holds the floating platform in place. Lower section of mooring chain rests on the
seafloor, supporting the anchor and acting as a counterweight in stormy
conditions.
Semi-taut mooring: Synthetic bres or wires usually incorporated with a turret
system, where a single point on the floater is connected to a turret with several
semi-taut mooring lines connecting to the seabed.
Principal characteristics of these three systems are given in Table 2 [6].
There are a number of anchoring solutions available, depending on the mooring
conguration, seabed conditions, and holding capacity required. Catenary mooring
congurations will often use drag-embedded anchors to handle the horizontal
loading, though piled and gravity anchors are still applicable, while taut-leg
moorings will typically use either drive piles, suction piles, or gravity anchors to
cope with the large vertical loads placed on the mooring and anchoring system. The
size of the anchor is also variable, with larger and heavier anchors able to generate a
greater holding capacity.
Ultimately, anchor choice will be project and site specic, often dictated by the
seabed conditions.
10 S.F. Gonzlez and V. Diaz-Casas

Table 2 Principal characteristics of taut spread, catenary and semi-taut moorings


Type Characteristics
Taut spread Small footprint
mooring Vertical loading at anchoring point
Large loads placed on the anchorsrequires anchors which can withstand
large vertical forces
Very limited horizontal movement
High tension limits floater motion (pitch/roll/heave) to maintain excellent
stability
Challenging installation procedure
Minimal disruption to the seabed (small footprint)
Catenary Large footprint
mooring Horizontal loading at anchoring point
Long mooring lines, partly resting on the seabed, reduce loads on the
anchors
Some degree of horizontal movement
Weight of mooring lines limits floater motion, but greater freedom of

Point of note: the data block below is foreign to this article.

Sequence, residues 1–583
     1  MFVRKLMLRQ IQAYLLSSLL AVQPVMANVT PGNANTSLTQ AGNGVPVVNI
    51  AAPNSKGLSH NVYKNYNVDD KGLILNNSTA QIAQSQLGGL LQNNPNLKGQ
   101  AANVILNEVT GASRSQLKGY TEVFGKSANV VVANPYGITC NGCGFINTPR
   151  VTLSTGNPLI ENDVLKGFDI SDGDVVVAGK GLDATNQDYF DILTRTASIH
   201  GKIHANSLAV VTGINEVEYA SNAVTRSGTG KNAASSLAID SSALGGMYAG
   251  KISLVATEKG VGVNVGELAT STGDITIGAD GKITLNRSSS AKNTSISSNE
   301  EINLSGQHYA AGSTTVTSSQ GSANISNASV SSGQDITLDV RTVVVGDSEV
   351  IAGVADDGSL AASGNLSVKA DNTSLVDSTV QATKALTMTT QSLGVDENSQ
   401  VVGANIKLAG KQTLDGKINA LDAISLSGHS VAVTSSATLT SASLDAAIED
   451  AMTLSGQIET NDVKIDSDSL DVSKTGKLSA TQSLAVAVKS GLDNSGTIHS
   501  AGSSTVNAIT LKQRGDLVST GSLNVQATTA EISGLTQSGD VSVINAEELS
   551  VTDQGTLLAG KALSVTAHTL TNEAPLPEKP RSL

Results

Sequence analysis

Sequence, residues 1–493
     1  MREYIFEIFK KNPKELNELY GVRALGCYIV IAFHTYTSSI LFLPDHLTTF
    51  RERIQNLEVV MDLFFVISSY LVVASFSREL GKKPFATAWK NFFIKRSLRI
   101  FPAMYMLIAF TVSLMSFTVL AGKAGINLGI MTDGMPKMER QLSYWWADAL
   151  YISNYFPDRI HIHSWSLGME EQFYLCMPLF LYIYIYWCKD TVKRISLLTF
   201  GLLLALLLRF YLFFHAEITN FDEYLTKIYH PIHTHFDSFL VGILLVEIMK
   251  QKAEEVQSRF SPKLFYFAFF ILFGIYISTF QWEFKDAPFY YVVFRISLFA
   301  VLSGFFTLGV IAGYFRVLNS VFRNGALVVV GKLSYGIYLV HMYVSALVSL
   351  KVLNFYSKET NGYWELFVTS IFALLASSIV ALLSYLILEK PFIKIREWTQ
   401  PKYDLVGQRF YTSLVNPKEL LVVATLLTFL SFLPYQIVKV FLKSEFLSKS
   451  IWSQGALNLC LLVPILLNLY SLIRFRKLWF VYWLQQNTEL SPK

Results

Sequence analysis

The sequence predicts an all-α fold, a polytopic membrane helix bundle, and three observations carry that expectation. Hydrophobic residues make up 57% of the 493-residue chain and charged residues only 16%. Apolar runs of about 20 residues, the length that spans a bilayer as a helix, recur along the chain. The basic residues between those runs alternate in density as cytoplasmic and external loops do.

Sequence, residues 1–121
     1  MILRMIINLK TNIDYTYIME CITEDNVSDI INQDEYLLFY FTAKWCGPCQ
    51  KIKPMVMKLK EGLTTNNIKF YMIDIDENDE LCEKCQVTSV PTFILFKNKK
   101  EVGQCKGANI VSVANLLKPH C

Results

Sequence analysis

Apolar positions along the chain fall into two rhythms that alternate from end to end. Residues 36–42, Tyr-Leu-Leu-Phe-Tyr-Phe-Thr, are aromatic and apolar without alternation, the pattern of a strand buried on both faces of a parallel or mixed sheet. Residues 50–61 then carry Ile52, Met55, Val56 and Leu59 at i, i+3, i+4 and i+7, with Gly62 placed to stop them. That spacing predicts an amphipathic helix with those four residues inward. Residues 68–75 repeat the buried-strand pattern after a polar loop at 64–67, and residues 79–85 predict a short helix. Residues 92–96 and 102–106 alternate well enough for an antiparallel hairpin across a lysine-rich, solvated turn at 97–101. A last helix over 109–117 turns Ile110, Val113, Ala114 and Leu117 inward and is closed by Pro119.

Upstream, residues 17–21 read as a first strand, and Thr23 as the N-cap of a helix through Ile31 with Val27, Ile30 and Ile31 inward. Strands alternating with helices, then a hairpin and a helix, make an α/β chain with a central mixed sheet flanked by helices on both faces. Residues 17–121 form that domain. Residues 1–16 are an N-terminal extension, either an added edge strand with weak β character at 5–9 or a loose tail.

movement than taut-leg
Relatively simple installation procedure
Lower section of chain rests on the seabed, resulting in more disruption
(large footprint)
Semi-taut Medium footprint
mooring Loading typically at *45 to anchoring point
Medium loads on the anchors
Limited horizontal movement, but full structure can swivel around the
turret connection
Single connection point makes the platform susceptible to wave induced
motion
Relatively simple installation procedure
Low level of disruption (medium footprint)

Higher holding capacities are usually generated in sands and hard clays than in
soft clays, although where penetration is difcult in rm soils, gravity base or piled
solutions might be required. A summary of the main anchor types is detailed below,
but there is great variety even within these typologies. All are proven concepts
which have been used extensively in the marine and oil & gas industries.
In Fig. 6, we can see principal anchors employed in floating offshore wind:
1. Drag anchor.
2. Driven pile.
3. Suction pile.
4. Gravity anchor.
The type of anchor to be used for floating offshore wind platforms depends on the
directional variation of the forces acting on the anchor and on type of soil of the sea
bottom. Drag embedment anchors only can be used on soft beds (gravel, sand, silt or
clay) and when forces do not change too much in direction. Gravity anchors can be
deployed in all type of beds and their performance is nearly independent on the force
angle. Finally, pile anchors can be very expensive in rock (in terms relative to the cost of
Present and Future of Floating Offshore Wind 11

Fig. 6 Anchors employed in


floating offshore wind

platforms) at the water depths where those devices are deployed while gravity plunge
piles or suction piles could be affordable in soft bottoms. Otherwise, pile anchor per-